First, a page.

Experts reviewed lifetime income options in defined contribution (DC) plans on the fourth day of the virtual 2020 PLANSPONSOR National Conference, noting that, while popular, annuity features are not the only kind of guaranteed lifetime income stream.
Panelists began by discussing the Setting Every Community Up for Retirement Enhancement (SECURE) Act and its annuity safe-harbor feature. While the SECURE Act requires employers to hold a thorough analysis on annuity features, many employers are concerned about portability, said John Doyle, senior retirement strategist at Capital Group/American Funds. Most employers don’t want to be locked into a recordkeeper, he explained. “There’s concern that when the next new shiny toy comes along, they’ll have to freeze the one they have and then move on,” he said. “This is why sponsors are saying, ‘Maybe we should wait until the solutions are better.’”
Additionally, Doyle said he is seeing more confusion when it comes to the differences between retirement and lifetime income. The SECURE Act addresses lifetime income as a secured guarantee of income, whether before retirement or during, he noted. Retirement income solutions, however, involve an array of solutions participants can use to create an income stream during their retirement years.
Joanne Jacobson, of counsel at Ivins, Phillips & Barker, described the difference between the two. “When I think of lifetime income, I think of guaranteed income. When I think of retirement distributions, it includes every facet of retirement features,” she said.
Many employers are interested in adding lifetime income features to their plans, especially as more keep their former participants/now retirees in the plan. One of the first actions a plan sponsor can take when adding a DC lifetime income option is ensuring the plan is retiree-friendly, Doyle said. Allow for ad-hoc and partial withdrawals, he added, so there are multiple ways participants can reach their money without incorporating a rollover. Because many recordkeepers will charge additional fees for an ad-hoc or systematic withdrawal, employers will have to work with their recordkeeper to ensure this design does not increase plan fees for the participant, Doyle explained.
The next step is to look at the investment options for the plan. More plan sponsors are considering a tiered lineup of options for participants that better fits different participant demographics, and many are adding an additional retirement tier. These selections are tailored to generate or deliver income streams to the participant, while being flexible. “The diversity of objectives is significant as people move to retirement,” Doyle said. “When you move into retirement, objectives vary significantly. It’s important to offer multiple solutions so that participants can fit these to specific investment portfolios.”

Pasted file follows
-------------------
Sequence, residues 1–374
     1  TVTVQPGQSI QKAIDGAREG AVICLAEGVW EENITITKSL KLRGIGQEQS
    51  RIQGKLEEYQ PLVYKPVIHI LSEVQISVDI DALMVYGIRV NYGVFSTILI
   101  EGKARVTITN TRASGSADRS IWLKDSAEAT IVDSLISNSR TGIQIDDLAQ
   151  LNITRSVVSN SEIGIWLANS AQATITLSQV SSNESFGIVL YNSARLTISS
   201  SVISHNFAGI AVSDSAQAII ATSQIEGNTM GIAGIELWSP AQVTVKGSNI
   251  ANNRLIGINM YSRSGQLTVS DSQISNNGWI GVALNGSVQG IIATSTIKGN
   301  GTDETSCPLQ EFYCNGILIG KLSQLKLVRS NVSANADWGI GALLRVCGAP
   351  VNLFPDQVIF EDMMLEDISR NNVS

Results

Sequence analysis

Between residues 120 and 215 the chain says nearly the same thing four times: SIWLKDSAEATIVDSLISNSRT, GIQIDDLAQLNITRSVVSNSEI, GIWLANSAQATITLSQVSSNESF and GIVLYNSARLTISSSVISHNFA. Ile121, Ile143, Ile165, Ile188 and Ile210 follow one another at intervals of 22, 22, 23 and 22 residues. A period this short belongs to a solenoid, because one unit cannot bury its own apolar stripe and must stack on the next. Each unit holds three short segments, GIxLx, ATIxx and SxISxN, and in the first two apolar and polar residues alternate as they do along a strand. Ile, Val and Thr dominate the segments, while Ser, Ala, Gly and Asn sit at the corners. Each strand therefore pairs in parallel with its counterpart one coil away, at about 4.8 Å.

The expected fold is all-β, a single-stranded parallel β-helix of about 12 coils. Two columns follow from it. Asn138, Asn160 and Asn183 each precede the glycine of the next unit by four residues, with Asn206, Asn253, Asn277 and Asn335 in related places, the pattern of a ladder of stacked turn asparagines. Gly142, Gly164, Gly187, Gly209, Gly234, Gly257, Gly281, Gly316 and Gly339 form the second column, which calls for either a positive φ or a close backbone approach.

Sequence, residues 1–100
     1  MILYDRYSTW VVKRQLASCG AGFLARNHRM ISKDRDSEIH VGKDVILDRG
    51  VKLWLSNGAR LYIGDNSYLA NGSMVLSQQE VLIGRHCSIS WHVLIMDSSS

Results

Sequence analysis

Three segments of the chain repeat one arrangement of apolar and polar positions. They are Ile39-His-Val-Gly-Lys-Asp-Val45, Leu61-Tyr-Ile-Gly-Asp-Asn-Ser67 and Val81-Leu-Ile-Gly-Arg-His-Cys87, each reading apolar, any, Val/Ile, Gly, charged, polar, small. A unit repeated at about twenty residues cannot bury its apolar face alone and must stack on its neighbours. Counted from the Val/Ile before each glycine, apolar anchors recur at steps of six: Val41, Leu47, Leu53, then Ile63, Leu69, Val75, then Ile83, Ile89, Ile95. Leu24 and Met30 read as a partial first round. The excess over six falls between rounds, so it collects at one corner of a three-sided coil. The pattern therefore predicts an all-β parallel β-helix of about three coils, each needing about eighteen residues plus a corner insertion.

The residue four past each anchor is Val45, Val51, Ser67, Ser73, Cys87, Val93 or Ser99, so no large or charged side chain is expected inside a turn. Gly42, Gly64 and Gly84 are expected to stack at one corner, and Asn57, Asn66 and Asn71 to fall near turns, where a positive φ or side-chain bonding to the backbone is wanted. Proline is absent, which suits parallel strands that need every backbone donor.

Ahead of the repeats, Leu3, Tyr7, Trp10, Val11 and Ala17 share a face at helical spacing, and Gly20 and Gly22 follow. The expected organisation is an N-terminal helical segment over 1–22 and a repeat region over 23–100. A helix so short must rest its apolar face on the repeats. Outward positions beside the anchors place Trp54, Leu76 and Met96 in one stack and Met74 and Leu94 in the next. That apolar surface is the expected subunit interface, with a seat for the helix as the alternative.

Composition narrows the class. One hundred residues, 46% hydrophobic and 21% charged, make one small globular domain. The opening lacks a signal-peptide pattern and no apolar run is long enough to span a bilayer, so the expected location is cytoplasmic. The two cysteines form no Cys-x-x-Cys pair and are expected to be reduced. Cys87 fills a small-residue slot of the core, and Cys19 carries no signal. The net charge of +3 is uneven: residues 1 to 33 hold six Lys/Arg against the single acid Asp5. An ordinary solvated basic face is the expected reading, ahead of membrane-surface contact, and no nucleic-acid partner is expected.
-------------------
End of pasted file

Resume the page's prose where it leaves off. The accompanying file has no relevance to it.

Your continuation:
Jacobson agreed, adding that more variety equals better outcomes. “Each participant has different needs and desires, and communication is key so that individuals can make a reasonable choice within those options,” she said.
Along with tier options, Nick Nefouse, managing director, co-head of LifePath and head of investment strategy at BlackRock’s Retirement Group, mentioned that new, innovative tools, along with target-date funds (TDFs), will emerge as products that create lifetime income streams. For example, if a plan sponsor wants to offer systematic withdrawals, there are tools that offer a 20- or 30-year payout period. Depending on how paternalistic the plan is and how paternalistic it wants to be, TDFs may be a viable option for some. As more funds embed lifetime income, this may be one of the best options for most people, Nefouse said.
Aside from products, one-on-one communication, education about these products and defaulting mechanisms are all crucial, said Jacobson. Automatizing participants into an annuity-provided TDF or qualified default investment alternative (QDIA) is key to savings and distribution, she added.
The SECURE Act’s required disclosure provision is also important for employers and sponsors as they plan their strategies. Under the rule, employers will have to issue a disclosure on an annual basis that converts an account balance to a lifetime income stream. “The intention is that this would spur participants to save more money if they realize how far they would or would not grow,” said Jacobson.
However, she noted, a flip side to the rule is that it may turn participants off. If these notices are distributed to younger participants who have not accumulated as much savings, some may feel overwhelmed and choose to give up on saving. This is why it’s important to also have pieces of education along with these notices to emphasize that income will build as a participant progresses in his or her career. “Plan sponsors can provide additional information to these individuals on what they’re doing and what additional things they can be doing,” Jacobson said.